The Court generally applies a two pronged test to resolve qualified immunity claims. First, the Court considers whether, "[t]aken in the light most favorable to the party asserting the injury . . . the facts alleged show the [defendants'] conduct violated a constitutional right," and second, whether that right was clearly established. Saucier v. Katz, 533 U.S. at 201 (citing Siegert v. Gilley, 500 U.S. 226, 232 (1991)). The Court must consider the materials submitted in support of, and in opposition to, summary judgment, and view all facts in favor of the party opposing summary judgment. Squaw Valley Development Co v. Goldberg, 375 F.3d 936, 942 (9th Cir. 2004), rev'd on other grounds (citing Jeffers v. Gomez, 267 F.3d 895, 909 (9th Cir. 2001)). If no constitutional violation is found, the inquiry ends at step one. Id. (citing Cunningham v. City of Wenatchee, 345 F.2d 802, 810 (9th Cir. 2003)). If the parties' submissions create a triable issue of material fact as to whether a constitutional violation has occurred, the Court proceeds to step two. Id. (citing Saucier v. Katz, 533 U.S. 194, 201 (2001)). Courts may "exercise their sound discretion in deciding which of the two prongs of the qualified immunity analysis should be addressed first in light of the circumstances in the particular case at hand." Pearson v. Callahan, 129 S.Ct. 808, 818 (2009).

To determine whether a right was clearly established, a court turns to Supreme Court and Ninth Circuit law existing at the time of the alleged act. Osolinski v. Kane, 92 F.3d 934, 936 (9th Cir. 1996) (citation omitted). In the absence of binding precedent, the district courts should look to available decisions of other circuits and district courts to ascertain whether the law is clearly established. Id. (citation omitted).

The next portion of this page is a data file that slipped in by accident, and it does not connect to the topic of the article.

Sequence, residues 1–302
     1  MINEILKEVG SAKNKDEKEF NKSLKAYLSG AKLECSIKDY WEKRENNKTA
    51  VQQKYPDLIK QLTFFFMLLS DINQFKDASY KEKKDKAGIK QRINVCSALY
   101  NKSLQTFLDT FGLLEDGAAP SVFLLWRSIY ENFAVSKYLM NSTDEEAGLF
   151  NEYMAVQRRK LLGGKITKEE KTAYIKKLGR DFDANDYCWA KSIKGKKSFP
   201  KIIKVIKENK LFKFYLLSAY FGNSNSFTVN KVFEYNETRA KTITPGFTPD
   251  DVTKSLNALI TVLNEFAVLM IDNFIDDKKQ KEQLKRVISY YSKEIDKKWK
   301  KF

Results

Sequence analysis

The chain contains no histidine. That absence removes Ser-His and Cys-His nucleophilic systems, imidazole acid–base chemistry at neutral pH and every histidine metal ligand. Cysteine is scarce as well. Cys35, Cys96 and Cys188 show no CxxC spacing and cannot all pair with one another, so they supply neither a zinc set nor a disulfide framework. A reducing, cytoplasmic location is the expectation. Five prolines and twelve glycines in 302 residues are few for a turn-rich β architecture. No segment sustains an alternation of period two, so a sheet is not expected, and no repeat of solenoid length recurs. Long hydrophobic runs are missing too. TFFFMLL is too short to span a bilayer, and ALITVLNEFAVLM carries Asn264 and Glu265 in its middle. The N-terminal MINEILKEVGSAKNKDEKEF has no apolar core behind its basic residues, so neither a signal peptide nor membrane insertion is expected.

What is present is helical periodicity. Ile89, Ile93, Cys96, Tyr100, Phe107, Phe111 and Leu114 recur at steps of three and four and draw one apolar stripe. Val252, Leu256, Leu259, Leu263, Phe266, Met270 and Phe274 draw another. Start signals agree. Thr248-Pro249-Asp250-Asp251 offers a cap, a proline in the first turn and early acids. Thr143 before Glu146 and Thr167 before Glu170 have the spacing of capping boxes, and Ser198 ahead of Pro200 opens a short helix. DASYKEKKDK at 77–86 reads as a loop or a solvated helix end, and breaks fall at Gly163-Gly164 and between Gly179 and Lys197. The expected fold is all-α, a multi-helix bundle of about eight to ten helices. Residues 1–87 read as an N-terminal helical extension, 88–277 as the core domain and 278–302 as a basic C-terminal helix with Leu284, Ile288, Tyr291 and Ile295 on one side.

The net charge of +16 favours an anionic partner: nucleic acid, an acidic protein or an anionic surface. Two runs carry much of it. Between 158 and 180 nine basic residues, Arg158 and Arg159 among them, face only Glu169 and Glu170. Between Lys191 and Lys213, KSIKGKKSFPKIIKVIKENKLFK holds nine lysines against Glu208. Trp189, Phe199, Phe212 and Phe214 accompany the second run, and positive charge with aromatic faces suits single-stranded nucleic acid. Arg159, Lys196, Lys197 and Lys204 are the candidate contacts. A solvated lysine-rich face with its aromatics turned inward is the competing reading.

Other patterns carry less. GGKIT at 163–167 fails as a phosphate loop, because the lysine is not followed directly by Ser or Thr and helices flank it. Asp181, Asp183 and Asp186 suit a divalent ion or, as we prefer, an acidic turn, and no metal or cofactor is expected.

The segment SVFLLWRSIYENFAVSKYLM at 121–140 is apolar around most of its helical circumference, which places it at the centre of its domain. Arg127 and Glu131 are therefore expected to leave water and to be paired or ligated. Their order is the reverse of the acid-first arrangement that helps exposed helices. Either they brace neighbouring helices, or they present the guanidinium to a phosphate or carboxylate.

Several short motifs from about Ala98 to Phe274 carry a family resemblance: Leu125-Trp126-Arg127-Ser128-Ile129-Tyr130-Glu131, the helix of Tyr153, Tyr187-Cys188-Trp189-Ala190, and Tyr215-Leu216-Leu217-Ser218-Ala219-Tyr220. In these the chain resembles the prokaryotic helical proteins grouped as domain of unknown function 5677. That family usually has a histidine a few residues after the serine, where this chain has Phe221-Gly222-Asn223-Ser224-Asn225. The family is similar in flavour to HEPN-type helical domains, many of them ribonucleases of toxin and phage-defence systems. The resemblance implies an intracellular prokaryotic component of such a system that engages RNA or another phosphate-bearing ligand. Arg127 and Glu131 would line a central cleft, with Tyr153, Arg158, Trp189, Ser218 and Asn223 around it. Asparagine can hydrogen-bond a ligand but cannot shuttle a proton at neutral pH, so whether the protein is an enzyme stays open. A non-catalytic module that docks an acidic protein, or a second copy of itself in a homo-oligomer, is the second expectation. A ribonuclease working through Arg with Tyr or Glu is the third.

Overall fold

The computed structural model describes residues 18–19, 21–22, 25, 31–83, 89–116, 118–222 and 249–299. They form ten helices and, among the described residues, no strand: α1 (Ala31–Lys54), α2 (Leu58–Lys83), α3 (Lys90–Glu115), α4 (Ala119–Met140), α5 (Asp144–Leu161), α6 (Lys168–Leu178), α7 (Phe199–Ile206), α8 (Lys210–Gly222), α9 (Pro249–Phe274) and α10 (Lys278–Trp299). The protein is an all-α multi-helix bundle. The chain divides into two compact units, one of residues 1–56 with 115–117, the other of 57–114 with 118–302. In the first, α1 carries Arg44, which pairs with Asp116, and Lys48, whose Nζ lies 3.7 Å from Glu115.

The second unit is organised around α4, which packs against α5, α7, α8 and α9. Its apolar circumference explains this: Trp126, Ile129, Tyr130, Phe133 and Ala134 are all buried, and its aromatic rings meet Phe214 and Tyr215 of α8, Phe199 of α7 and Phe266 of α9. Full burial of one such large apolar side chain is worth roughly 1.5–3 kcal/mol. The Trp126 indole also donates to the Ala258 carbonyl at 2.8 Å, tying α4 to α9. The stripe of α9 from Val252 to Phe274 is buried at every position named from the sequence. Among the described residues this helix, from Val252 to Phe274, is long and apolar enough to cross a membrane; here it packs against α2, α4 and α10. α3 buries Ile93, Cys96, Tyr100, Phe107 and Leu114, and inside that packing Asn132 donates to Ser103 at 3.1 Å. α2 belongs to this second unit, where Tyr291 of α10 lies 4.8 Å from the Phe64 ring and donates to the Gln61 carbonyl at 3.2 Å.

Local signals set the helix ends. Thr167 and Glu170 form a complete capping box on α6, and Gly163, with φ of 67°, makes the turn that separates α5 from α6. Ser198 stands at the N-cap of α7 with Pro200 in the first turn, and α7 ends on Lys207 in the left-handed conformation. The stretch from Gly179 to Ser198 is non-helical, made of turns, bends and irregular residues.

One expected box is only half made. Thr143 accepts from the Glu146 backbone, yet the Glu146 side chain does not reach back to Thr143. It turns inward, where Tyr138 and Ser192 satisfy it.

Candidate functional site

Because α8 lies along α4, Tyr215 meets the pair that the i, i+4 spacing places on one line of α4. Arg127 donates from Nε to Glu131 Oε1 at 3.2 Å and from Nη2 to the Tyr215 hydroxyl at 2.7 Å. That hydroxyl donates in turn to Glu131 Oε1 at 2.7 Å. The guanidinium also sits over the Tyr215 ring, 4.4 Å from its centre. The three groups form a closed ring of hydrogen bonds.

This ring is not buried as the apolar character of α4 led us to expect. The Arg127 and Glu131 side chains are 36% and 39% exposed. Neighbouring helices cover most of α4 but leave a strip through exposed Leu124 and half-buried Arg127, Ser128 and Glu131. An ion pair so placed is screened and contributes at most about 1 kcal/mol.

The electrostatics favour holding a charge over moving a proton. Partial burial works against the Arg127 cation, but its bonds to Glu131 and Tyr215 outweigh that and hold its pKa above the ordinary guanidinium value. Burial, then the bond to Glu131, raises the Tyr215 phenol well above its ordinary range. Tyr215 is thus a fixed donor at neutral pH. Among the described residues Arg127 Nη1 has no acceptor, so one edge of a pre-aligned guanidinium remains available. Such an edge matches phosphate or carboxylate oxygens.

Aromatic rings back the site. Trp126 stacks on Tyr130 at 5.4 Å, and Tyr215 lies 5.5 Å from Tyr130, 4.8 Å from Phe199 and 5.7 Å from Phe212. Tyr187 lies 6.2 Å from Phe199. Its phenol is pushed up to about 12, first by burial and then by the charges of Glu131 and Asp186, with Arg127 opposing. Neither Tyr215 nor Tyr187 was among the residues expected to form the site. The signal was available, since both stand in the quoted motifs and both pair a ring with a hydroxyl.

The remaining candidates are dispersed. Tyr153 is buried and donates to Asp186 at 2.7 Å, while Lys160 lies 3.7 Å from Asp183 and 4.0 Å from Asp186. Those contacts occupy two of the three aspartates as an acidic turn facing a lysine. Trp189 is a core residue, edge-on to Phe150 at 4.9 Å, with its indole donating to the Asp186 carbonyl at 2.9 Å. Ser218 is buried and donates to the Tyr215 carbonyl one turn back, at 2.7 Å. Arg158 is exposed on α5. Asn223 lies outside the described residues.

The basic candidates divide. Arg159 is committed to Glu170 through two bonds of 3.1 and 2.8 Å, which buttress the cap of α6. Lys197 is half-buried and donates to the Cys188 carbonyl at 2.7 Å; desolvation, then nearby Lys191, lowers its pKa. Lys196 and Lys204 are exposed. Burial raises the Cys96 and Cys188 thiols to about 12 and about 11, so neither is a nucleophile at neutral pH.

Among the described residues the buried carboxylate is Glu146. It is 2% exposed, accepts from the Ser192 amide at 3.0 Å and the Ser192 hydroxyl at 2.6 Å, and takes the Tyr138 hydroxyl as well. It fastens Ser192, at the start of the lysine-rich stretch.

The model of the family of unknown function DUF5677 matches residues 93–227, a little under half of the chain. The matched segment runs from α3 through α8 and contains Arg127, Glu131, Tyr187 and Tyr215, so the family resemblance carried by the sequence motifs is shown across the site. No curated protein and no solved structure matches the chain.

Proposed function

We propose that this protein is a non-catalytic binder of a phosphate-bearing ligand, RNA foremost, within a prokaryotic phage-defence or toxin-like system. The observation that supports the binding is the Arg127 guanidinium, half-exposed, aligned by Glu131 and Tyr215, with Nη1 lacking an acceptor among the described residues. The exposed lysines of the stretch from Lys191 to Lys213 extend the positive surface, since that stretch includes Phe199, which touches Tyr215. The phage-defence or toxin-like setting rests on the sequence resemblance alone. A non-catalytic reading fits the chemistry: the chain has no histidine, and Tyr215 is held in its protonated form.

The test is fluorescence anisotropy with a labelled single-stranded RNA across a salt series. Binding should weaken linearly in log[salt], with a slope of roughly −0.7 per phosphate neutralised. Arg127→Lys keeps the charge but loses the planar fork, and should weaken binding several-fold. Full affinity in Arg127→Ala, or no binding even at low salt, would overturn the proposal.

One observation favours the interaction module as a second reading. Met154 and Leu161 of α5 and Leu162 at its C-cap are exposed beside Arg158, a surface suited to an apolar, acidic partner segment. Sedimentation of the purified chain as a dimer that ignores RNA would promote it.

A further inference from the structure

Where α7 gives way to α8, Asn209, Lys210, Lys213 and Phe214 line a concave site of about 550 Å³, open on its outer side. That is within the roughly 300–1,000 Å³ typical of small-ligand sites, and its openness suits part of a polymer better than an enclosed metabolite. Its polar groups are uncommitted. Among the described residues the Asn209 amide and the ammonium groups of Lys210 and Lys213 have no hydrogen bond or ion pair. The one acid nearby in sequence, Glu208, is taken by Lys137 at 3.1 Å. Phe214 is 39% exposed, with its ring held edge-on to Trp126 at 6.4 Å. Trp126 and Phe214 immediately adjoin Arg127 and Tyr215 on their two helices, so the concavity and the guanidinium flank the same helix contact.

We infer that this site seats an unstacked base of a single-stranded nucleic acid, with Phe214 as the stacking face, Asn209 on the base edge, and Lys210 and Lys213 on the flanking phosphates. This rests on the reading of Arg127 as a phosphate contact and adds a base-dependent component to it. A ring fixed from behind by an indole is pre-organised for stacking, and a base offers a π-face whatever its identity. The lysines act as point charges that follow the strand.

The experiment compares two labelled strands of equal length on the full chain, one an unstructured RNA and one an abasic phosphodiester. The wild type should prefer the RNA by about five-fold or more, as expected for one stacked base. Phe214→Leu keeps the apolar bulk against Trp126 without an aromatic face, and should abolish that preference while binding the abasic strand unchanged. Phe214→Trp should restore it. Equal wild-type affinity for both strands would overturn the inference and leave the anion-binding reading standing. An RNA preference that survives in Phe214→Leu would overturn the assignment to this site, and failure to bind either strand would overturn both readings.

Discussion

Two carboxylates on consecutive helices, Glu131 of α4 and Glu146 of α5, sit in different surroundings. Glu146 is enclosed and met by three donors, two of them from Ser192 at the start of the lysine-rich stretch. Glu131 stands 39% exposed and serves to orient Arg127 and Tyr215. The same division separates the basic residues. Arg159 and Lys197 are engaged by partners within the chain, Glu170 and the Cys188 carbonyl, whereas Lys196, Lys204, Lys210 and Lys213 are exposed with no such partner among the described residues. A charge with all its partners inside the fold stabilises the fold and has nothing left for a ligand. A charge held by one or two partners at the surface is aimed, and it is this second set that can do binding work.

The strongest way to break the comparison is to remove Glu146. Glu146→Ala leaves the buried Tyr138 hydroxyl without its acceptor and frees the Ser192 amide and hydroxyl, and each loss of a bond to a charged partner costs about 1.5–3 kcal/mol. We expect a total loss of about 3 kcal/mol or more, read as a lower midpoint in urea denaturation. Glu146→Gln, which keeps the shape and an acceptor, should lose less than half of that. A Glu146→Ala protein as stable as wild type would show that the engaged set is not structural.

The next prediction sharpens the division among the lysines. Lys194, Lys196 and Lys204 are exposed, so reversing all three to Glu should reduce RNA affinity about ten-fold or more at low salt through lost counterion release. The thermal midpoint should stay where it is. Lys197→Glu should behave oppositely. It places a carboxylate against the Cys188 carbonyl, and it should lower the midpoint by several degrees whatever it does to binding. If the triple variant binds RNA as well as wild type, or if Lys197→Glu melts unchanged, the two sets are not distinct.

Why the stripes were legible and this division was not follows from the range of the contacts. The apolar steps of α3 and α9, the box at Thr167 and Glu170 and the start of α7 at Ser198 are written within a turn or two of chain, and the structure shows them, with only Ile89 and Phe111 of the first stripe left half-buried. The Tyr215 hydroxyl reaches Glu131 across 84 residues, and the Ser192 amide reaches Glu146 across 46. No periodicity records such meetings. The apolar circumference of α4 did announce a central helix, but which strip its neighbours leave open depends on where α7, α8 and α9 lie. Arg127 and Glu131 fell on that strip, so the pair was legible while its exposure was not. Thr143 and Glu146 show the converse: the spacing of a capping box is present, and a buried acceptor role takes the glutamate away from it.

The inquiry of whether a right was clearly established "must be undertaken in light of the specific context of the case, not as a broad general proposition." Saucier v. Katz, 533 U.S. at 201. For the law to be clearly established, "[t]he contours of the right" must be sufficiently clear that a reasonable official would understand that his conduct violates that right. Anderson v. Creighton, 483 U.S. 635 (1987). It is not necessary that the "very action in question has previously been held unlawful, . . . but it is to say that in the light of pre-existing law the unlawfulness must be apparent" to the official. Id. "The relevant, dispositive inquiry in determining whether a right is clearly established is whether it would be clear to a reasonable [defendant] that his conduct was unlawful in the situation he confronted." Saucier v. Katz, 533 U.S. at 194-95 (citing Wilson v. Layne, 526 U.S. 603, 615 (1999)). Application of qualified immunity is appropriate where "the law did not put the [defendant] on notice that his conduct would be clearly unlawful. Id., 533 U.S. at 195.

However, if there is a genuine dispute as to the "facts and circumstances within an officer's knowledge," or "what the officer and claimant did or failed to do," summary judgment is inappropriate. Act Up!/Portland v. Bagley, 988 F.2d 868, 873 (9th Cir.1993). When a Section 1983 defendant makes a properly supported motion for summary judgment based on immunity, the plaintiff has the obligation to produce evidence of his own; the district court cannot simply assume the truth of the challenged factual allegations in the complaint. Butler v. San Diego District Attorney's Office, 370 F.3d 956, 963 (9th Cir. 2004).

2) Scope of the Alleged Violation of First Amendment Rights

State Defendants argue that the Report and Recommendation fails to address each prong of the qualified immunity analysis. State Defendants argue that first the Court must determine whether Wicklund's disruptive comments during his court ordered therapy sessions constituted protected speech under the First Amendment.

State Defendants want to limit scope of the alleged constitutional violation to the probation officers' undisputed order to Wicklund to stop his disruptive complaints about the polygrapher and prosecutor during his court ordered therapy sessions. The Court finds this is too restrictive of a view of the First Amendment claim presented. The Court finds that the alleged First Amendment violation is Wicklund's assertion that Bennett, Lynch and Sutherland threatened that if he continued to pursue his complaints against the polygrapher and prosecutor, he would be put in jail for a probation violation. The Court understands that the State Defendants maintain that the discussion at the meeting was limited to the disruptive behavior during the therapy sessions and that no threat of jail time was made concerning Wicklund's pursuit of complaints and potential lawsuits outside the therapy sessions. However, the affidavit of Wicklund creates a genuine issue of material fact regarding what was stated at the meeting on January 26, 2009.